5.5.3 Electrolysis of Molten lead (II) bromide

5.5.3 Electrolysis of Molten lead (II) bromide

1.   Figure above shows the apparatus set up for electrolysis of molten lead (II) bromide.
2.   Lead (II) bromide powder in a crucible is heated.
3.   The electrolysis process start when le an (II) bromide start melting.
4.   At the Cathode
When electricity is flowing, a silvery deposit of lead metal forms on the cathode.
5.   At the Anode
When electricity is flowing, brown fumes of bromine gas are seen at the anode.

Explanation:

6.   Thus, electrolysis of lead (II) bromide produces lead and bromine gas.

5.5.2 Electrolysis of Copper (II) Chloride Solution

5.5.2 Electrolysis of Copper (II) Chloride Solution

1. Electrolysis of copper (II) chloride solution.
(a)  Copper (II) ion with positive charge will attract to cathode to discharge as a copper.
(b)  Chloride ion will attract to anode to discharge as a chlorine gas.
(c)  At anode, chloride ions lose electrons. Greenish gas which can bleach the litmus paper is produced.
(d)  At cathode, copper (II) ion receives electron. Brown solid deposited on the surface of the electrode.

2.   Thus, electrolysis of copper (II) chloride produces copper and chlorine gas.

5.5 Electrolysis

5.5 Electrolysis

5.5.1 Electrolysis
1. Electrolysis is a process where a compound is separated into its constituent elements when electric current passes through an electrolyte.

2. In electrolysis, energy is changed as shown below:
$\overline{)\text{Electrical energy}\to \text{chemical energy}}$

3. The apparatus used in an electrolytic cell consists of a dry cell or battery, an electrolyte and two electrodes as shown below.

Electrolytic cell

Electrolyte
(a) An electrolyte is a compound in a molten form or in aqueous solution which conducts electric current.
(b) Electrolyte contains two types of charged ions which move freely:
(i)  Ion with positive charge (cation), for example, metal ions and hydrogen ions.
(ii) Ion with negative charge (anion), for example, non-metal ions.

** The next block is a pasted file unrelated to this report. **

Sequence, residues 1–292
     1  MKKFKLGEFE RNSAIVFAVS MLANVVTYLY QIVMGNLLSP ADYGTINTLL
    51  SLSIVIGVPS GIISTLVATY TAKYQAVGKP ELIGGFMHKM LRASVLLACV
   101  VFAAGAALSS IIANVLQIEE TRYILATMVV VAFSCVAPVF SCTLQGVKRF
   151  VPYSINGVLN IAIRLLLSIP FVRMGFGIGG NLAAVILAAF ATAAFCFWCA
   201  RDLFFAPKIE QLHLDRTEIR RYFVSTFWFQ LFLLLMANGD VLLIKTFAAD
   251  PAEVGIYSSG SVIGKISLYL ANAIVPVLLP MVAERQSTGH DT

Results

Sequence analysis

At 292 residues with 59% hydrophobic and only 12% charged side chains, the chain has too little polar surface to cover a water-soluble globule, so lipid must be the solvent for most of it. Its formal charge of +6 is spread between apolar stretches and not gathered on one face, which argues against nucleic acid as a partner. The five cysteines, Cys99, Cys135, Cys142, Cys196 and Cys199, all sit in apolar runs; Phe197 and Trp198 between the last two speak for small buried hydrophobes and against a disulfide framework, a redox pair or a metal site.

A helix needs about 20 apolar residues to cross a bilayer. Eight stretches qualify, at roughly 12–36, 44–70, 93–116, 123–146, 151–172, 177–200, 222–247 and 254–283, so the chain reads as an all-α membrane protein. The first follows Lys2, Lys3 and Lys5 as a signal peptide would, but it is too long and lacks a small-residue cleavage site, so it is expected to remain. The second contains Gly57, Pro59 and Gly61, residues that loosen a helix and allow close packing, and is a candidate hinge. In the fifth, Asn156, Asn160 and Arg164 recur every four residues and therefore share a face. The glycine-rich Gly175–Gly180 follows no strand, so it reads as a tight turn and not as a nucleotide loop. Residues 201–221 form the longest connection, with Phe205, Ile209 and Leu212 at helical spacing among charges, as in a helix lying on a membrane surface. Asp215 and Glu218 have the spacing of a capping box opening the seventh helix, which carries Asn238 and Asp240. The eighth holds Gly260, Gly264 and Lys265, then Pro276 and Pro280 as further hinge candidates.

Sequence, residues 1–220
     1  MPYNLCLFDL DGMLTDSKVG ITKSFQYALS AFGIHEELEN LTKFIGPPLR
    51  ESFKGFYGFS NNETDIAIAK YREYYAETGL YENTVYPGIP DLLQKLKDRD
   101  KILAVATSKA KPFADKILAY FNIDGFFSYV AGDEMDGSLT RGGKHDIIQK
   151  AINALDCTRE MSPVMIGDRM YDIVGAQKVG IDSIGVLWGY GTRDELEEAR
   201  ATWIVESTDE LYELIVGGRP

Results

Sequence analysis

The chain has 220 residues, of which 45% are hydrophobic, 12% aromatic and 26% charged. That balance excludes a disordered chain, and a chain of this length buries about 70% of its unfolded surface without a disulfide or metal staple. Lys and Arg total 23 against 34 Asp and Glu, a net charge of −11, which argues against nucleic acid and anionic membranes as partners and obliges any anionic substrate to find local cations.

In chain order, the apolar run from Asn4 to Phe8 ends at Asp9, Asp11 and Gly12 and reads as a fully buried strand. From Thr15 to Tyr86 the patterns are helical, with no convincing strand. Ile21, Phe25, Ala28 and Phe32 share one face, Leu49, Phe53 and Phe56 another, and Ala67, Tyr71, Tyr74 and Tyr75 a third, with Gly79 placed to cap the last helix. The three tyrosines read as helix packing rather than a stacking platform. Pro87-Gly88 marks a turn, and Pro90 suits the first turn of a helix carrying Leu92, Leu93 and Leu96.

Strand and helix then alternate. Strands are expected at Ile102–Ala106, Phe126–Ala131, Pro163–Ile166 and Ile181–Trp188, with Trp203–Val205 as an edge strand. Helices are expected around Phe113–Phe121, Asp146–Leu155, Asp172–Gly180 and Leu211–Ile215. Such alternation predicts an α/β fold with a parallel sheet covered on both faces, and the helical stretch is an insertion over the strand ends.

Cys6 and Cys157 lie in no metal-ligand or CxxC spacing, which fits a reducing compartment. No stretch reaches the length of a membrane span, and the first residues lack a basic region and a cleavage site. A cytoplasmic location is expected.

(c) Example of electrolyte: molten potassium chloride and hydrocloric acid.

Electrode
(a) Electrode is a conductor which is immersed in an electrolyte and connected to an electric source.
(b) Examples of electrode: carbon (graphite) and platinum.
(c) The electrode connected to the positive terminal of the cell is positive electrode and is given a name, anode.
(d) The electrode connected to the negative terminal of the cell is negative electrode and is called the cathode.

Ammeter
Ammeter is used to detect the flow of current in the circuit.

Dry cell or battery
The source that generates electrical energy.

5.4.2 Reactivity Series and Extraction of Metals

5.4.2 Reactivity Series and Extraction of Metals

1.
The method that is used in the extraction of metal from its are depends on the position of the metal in the reactivity series of metals.

2. Metals which are located higher than carbon in the reactivity series are extracted from their molten ores using the electrolysis method.
3. Metals which are located lower than carbon in the reactivity series are extracted using the reduction method with coke (or carbon).
4. Carbon is used in the extraction process because
(a)  It is cheap
(b)  Easily obtained
5. Metals located the lowest in the reactivity series like silver and gold can be extracted naturally without any complex chemical reaction. These metals exist as free elements in the Earth’s crust.